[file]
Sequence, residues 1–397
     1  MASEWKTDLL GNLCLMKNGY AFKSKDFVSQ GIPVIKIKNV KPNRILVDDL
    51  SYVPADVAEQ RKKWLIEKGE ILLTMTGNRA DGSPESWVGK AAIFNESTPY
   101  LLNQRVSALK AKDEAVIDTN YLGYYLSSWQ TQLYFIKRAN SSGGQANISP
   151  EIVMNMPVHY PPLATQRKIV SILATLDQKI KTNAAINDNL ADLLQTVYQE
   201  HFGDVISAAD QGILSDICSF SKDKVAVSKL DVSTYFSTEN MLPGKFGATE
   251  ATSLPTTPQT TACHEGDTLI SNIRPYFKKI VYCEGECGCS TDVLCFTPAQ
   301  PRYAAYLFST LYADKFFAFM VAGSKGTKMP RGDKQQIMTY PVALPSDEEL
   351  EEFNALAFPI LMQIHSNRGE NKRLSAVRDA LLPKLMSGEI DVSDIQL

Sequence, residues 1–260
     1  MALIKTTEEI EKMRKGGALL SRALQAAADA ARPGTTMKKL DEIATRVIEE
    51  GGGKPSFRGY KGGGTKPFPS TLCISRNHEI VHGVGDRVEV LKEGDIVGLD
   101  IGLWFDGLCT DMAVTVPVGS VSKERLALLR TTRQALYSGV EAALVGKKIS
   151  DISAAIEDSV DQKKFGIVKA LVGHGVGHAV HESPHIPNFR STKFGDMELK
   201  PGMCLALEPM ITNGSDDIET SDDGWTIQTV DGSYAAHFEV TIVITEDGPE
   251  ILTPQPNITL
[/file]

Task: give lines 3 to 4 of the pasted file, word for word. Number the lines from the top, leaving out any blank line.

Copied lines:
    51  SYVPADVAEQ RKKWLIEKGE ILLTMTGNRA DGSPESWVGK AAIFNESTPY
   101  LLNQRVSALK AKDEAVIDTN YLGYYLSSWQ TQLYFIKRAN SSGGQANISP